Currently viewing the tag: "Innovation and possibilities"

The acceptance of what is possible

How many times, I wonder if an expression as “Design Thinking” can represent fear in the minds of people responsible by the companies.

The general trend in managers to only follow the analytical precepts transmitted in schools and learning held inside of organizations, is one of the largest forms of blocking the creativity that we face.

To ensure that the managers of companies give the step towards accepting the abductive reasoning, this is what “is possible”, as an integral part of how they make decisions, is a difficult achievement.

Overcome the fear of risk, without having to resort to the databases of results of the past or the fear of losing the “status quo” is an act of courage that makes the exception.

So, I think we need a new mindset, representative of openness to different disciplines and above all, and we need a strong will to embrace creativity to see the convergence of business and design thinking.

Design thinking is the common expression to designate an interdisciplinary approach to problem solving, which transports us to the true innovation.

It’s about practice, i.e. on how to approach the problems and about the use of tools and strategies that allow us to see the problem as a whole.

Design thinking as interdisciplinary approach is especially important to decide what to do in the first place and so that the power of intuitive creative processes can be leveraged to stimulate innovation, resolve any type of problem and develop new opportunities.

When confusing and challenging problems arise by complexity of contexts in the world of digital technology and global connectivity, that embraces diverse cultures and systems, that interdisciplinary approach facilitates the definition and understanding of the problems allowing an easy way to find solutions.

The problems of complex projects, such as systems or services, will be best addressed by a team of people from varied sources that in an attitude of collaboration leverages several intuitive processes more productively.

– Then how can we face up to the business?

Unlike analytical thinking, design thinking is a creative process based on building ideas from nothing. There are no trials or afraid to fail.

But in the business world, there are less correct notions such as that a rigorous quantitative analysis is the right path for a creative business strategy.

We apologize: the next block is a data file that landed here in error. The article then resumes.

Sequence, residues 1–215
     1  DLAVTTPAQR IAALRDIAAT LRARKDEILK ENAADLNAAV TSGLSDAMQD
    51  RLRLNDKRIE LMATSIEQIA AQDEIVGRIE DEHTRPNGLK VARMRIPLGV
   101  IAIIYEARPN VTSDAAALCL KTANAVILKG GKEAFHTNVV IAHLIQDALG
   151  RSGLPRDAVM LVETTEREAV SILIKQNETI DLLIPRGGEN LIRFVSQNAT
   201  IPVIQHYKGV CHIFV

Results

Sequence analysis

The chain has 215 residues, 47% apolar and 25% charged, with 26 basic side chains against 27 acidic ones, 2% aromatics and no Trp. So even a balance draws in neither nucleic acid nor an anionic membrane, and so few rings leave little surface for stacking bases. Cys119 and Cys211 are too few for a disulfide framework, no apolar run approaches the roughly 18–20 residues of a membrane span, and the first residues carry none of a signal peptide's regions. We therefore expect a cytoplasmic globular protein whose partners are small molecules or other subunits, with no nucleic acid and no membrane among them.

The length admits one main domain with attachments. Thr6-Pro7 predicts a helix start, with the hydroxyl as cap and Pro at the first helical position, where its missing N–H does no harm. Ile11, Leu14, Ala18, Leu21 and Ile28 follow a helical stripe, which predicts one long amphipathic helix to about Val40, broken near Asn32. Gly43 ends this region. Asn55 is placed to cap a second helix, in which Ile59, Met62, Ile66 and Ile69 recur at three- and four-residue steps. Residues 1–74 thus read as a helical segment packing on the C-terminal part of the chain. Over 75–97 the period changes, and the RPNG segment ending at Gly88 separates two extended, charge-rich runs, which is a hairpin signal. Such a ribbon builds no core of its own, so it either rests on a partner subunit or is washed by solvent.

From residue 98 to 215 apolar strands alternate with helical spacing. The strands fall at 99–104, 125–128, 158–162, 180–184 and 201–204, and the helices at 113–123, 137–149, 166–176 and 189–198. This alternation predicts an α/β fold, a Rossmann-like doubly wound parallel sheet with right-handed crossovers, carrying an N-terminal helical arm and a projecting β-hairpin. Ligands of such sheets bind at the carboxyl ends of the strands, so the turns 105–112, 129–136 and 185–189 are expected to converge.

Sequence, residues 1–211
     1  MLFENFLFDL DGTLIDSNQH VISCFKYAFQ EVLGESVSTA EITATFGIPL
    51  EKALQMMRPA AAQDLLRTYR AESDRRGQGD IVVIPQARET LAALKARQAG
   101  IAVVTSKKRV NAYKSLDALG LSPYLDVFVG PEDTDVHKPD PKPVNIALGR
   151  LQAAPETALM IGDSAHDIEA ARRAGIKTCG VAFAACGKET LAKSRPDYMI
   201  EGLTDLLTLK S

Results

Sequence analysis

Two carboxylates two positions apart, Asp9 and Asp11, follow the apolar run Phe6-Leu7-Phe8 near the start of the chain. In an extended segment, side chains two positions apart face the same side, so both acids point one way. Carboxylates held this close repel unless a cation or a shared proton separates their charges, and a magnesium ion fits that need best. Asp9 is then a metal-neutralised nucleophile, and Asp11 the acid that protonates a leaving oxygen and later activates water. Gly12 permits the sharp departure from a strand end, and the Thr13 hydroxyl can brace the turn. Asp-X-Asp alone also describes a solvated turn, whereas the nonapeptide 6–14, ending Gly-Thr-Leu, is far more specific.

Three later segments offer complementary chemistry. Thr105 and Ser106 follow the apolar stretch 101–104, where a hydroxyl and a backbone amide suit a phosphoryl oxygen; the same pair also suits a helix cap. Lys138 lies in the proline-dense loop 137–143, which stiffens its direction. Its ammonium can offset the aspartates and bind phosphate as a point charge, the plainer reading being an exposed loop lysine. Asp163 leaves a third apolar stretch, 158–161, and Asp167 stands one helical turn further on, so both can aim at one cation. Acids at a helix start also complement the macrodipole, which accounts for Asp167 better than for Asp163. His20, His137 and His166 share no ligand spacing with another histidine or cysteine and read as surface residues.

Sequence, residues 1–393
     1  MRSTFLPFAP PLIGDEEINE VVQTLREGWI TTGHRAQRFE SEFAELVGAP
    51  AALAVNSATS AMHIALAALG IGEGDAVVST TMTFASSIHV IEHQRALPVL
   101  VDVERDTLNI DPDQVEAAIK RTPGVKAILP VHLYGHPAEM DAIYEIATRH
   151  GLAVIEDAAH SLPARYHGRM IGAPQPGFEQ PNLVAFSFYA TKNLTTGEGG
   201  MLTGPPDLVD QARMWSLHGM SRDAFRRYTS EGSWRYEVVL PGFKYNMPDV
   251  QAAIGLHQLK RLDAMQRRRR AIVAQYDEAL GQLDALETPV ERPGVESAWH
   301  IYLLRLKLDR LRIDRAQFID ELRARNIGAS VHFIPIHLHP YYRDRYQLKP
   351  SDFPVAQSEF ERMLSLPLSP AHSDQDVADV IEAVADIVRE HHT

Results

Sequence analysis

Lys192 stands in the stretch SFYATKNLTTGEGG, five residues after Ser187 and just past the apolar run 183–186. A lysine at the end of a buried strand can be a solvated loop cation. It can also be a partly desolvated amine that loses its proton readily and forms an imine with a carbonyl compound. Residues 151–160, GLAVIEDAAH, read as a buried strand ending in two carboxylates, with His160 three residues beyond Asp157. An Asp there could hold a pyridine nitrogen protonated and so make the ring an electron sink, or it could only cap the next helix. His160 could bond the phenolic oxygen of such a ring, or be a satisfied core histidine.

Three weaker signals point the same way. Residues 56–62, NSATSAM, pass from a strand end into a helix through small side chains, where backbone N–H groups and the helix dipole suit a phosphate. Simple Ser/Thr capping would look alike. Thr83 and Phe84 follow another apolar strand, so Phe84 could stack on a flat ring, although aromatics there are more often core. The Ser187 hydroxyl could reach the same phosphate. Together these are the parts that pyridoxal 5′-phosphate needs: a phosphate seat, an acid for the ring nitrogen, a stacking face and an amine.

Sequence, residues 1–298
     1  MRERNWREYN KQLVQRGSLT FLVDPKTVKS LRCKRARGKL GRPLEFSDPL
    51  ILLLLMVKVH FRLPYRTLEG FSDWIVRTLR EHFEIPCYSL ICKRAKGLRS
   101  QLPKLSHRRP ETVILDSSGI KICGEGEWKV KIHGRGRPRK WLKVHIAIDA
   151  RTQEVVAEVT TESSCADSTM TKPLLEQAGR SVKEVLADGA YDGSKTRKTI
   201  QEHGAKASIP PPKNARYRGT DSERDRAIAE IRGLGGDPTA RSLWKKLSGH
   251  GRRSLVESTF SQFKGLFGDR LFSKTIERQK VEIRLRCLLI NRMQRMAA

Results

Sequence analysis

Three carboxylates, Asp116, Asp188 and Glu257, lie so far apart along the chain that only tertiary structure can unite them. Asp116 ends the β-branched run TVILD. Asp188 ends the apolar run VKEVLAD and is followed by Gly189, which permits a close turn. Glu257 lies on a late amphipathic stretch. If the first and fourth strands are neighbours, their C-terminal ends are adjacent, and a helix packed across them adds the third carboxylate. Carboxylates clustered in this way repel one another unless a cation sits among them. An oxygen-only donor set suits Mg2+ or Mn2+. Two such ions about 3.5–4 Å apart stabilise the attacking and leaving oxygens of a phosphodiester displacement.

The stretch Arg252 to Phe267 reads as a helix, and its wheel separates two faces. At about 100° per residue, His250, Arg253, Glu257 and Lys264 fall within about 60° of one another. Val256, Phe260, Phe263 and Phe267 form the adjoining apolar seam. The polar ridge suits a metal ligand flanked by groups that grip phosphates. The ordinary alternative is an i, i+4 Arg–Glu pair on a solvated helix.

For example in a particular organization a tool like (Porter’s forces) considers five factors, the “forces” competitive need to be studied in order to develop an effective business strategy, but this will not inspire people with new ideas.

If we believe that creativity and innovation are indeed a competitive advantage we have to start doing a lot of questions that even seeming (only for others) “stupid” make hope visible.

There are so many people waiting outside and within organizations, of our ideas!

When a design thinker uses divergence to dig deep in the assumptions of a company or, when jumps the fence of the silos in the enterprise, he is promoting the field of possibilities. He does it with the help of metaphors and analogies or facilitating their visualization.

If there are things where design thinkers can be good is at work with constraints and emergency situations, very common in the business world.

But above all they know to use empathy with dedication, to observe and really pay attention to people, because this is usually the best way to check the depth of non-articulated needs and is the factor of differentiation that comes to create value in this convergence of business and design thinking.

According to Warren Berger (Glimmer: How Design Can Transform Your Life and Maybe Even the World) there are three ways to apply the Design thinking to our lives.

-The designers are good doing stupid questions – take a step back and re-evaluate everything.

The design thinker can begin to restructure the challenge in question, which can lead to think in new directions.

The basics of business, today as transformational, require a capacity to question and rethink what business we face and what are in fact the needs of consumers. What they expect?

-The designers put the problems on visual form – the designers know that when we see everything in front of us, the connections and patterns become more comprehensible.

The design thinkers create templates that constantly quickly and without polishing are a critical component of innovation. When we give shape to an idea, we make it real.

-The designers think laterally – force brains to go to the sides and examine the solutions that are out of the way. The trick is to avoid problems in a simple way to be open to the left. It is being away from rules based on experience.

It is not easy to achieve great successes, and to get there we must “think laterally”, looking for something very large, accepting ideas and influences and, above all, we must also be willing to try to connect ideas that may not appear to be linked. This is a way of thinking that can also be embraced by non designers.

Design thinkers know that innovation often involves an interactive process with indentations along the path, but knowing that small failures are actually useful because they show what works and what needs to be fixed.